Mr Farmer adds: ‘It is important that the health and wellbeing of the current workforce is encouraged, promoted and protected.’ This is acknowledged in the implementation plan, although money to support it seems to come from the £450m put forward to improve staff health and wellbeing across the NHS as a whole.
The mental health workforce has an older demographic structure than nursing generally meaning the next few years could see a significant number of nurses leaving the workforce. Mr Hulatt expects many older mental health nurses to retire at 55. ‘Older and mature nurses may be persuaded to stay with flexible working,’ he says. ‘The loss of their knowledge and experience could be mitigated by such practices.’
Whatever else happens the mental health sector needs a period of organisational stability as it changes services, he adds.
Another challenge will be releasing savings from some of the transformative changes which are proposed – such as earlier intervention reducing the need for inpatient acute care. Money released by reductions in demand will be part of the way community-based services will be funded. Making this happen, and identifying savings as a result, against a backdrop of increasing demand will be tough. However, much of the extra funding for mental health is coming through an uplift in general funding for clinical commissioning groups: ensuring this reaches mental health services.
Despite all the challenges – and ensuring staff in all settings think about physical and mental healthcare needs will take time and a mindset shift – Mr Farmer says he is ‘cautiously optimistic’.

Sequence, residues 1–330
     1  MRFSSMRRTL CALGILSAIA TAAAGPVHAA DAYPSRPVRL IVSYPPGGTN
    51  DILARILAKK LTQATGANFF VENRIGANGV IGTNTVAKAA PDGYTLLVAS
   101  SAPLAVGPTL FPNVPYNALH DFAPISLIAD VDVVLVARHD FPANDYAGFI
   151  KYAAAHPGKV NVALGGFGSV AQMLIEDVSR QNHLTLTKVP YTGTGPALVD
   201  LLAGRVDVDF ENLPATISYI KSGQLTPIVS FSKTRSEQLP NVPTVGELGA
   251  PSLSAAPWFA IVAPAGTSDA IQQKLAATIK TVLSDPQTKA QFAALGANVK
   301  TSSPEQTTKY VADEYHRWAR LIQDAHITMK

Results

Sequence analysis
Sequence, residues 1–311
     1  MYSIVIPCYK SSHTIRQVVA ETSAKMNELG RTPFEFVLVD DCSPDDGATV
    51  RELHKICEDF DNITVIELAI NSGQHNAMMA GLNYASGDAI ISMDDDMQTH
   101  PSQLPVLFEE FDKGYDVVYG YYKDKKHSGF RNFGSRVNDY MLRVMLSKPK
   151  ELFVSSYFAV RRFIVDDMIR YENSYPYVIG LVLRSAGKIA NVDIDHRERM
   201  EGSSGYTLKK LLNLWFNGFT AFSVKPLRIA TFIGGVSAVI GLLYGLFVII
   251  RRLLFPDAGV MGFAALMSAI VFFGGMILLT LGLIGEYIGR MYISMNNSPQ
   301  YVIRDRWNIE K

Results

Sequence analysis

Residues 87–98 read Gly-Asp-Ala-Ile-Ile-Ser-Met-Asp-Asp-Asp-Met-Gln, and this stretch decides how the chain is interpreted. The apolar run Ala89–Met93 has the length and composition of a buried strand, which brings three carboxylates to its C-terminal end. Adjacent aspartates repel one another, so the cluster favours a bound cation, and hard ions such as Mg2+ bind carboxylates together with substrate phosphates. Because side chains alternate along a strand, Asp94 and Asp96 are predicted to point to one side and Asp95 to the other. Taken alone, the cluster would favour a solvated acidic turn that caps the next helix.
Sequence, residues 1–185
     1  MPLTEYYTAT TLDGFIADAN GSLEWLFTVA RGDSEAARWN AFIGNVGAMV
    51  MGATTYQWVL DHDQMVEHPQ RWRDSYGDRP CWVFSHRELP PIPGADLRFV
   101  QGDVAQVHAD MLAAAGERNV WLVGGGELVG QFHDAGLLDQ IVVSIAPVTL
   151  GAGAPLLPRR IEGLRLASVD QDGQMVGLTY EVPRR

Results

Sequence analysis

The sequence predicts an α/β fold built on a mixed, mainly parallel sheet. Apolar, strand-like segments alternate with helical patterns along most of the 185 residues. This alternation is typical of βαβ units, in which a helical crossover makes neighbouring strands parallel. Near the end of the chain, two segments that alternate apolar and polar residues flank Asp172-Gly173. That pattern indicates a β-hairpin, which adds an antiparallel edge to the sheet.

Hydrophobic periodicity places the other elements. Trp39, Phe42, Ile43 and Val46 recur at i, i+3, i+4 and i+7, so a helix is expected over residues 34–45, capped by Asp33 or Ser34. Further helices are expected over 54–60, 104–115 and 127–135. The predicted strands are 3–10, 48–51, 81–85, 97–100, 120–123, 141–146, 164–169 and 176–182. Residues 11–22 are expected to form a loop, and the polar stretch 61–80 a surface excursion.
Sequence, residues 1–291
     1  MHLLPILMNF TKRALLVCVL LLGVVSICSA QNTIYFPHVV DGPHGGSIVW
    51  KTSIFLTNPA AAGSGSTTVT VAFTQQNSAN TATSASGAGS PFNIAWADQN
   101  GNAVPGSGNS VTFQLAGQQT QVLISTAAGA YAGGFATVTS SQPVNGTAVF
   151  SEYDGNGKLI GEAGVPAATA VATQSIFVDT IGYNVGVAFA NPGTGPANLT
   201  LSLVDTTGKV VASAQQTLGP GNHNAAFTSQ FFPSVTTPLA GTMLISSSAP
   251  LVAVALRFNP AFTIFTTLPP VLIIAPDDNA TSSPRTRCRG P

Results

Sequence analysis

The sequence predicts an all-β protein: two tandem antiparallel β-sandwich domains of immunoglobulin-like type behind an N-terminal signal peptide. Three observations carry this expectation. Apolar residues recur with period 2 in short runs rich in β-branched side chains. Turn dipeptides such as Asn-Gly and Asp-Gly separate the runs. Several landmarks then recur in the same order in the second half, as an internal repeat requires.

And he adds: ‘There is a strong message to people who are thinking about career choice that mental health nursing is going to be a really exciting place to work in over the next five to 10 years.’
The Five Year Forward View and mental health
The implementation plan offers a detailed picture of the trajectory the NHS will need to meet as it tries to improve access and treatment.
It proposes that by 2020-21 the following objectives should have been met:
- 70,000 more young people and children with a diagnosable condition will get treatment.
- ‘Inappropriate’ out-of-area placements should have largely ended.
- 30,000 more woman each year should be able to get evidence based perinatal treatment close to home (only 500 extra in 2016-17). This will need ‘a significant expansion in workforce capacity’.
- 25% of people with common mental health conditions will get access to psychological therapists including 3000 new mental health therapists based in general practice.
- All acute hospitals will have 24/7 cover by mental health liaison teams, 50% of whom will meet core standards (only 7% do at the moment). All areas will have crisis resolution and home treatment teams resourced to operate 24/7 and in line with best practice.
- 10% reduction in the number of people taking their own lives.
Treatment closer to home
Children and young people who need inpatient care often end up being admitted away from their home care – sometimes hundreds of miles away.
Reducing the use of those inappropriate admissions is one of the areas Tees, Esk and Wear Valley Foundation Trust wants to concentrate on as it takes over the budget for ‘tier 4’ mental health care for children and adolescents from NHS England in a pilot project.
At the moment the trust – which covers around two million people, 400,000 of whom are children – is establishing exactly how much is spent on tier 4 services for this age group. It then wants to look at how they could be provided locally, if appropriate, and whether better community-based services, such as enhanced crisis teams, could reduce the need for them.
Brent Kilmurray, the trust’s chief operating officer, says this could be better for patients and families but could also offer additional opportunities for staff. ‘We have experience of developing skillsets and staff to help young people in a crisis,’ he says. ‘Our senior clinicians are really enthused.’
Alison Moore is a freelance health writer